Kate Lawrence's Reviews > Just Like Us: The True Story of Four Mexican Girls Coming of Age in America

Just Like Us by Helen Thorpe
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Jun 11, 2010

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bookshelves: biography, book-club
Read from June 11 to 23, 2010

My awareness of the immigration issue had not, before I read this book, extended to what it must be like for the teenage children of undocumented workers. These young people, like two of the four girls profiled here, are prevented by their illegal status from getting driver's licenses, obtaining health insurance, traveling by air, applying for college scholarships or qualifying for in-state tuition or work-study programs, and ultimately, after they are out of college, from getting good jobs for which they are otherwise highly qualified. Their families move frequently, depending on low-wage work under the shadow of possible deportation. The mother of one of the girls goes back to Mexico voluntarily, leaving her children behind, to avoid being sentenced for an identity theft she committed in order to get a job at Goodwill.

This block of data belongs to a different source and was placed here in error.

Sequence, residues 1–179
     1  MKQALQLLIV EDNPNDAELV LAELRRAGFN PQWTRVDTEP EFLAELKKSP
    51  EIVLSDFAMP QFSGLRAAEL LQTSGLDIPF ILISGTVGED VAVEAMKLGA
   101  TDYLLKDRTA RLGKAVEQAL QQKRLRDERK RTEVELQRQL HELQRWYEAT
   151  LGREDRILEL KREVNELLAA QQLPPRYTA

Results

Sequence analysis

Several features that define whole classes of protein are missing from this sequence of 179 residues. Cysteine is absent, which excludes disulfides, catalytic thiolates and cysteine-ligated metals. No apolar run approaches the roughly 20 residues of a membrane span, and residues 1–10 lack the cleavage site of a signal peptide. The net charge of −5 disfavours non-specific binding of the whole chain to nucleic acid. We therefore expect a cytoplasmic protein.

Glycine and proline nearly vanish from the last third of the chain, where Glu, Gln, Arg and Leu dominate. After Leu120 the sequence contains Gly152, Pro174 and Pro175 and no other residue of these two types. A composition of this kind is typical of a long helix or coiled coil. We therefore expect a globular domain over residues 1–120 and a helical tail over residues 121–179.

The girls are likable, smart, highly educated, and motivated, yet continually run up against the system. The fact that they have lived all their lives in the U.S. doesn't matter. Their two friends, just like them except that they were born here, face none of these restrictions.
My interest was increased by the fact that the setting is Denver, where I live, and the author is the wife of Denver's popular mayor, John Hickenlooper, now running for governor. Just Like Us puts human faces on immigration, and is one more aid to understanding this extremely complex issue.
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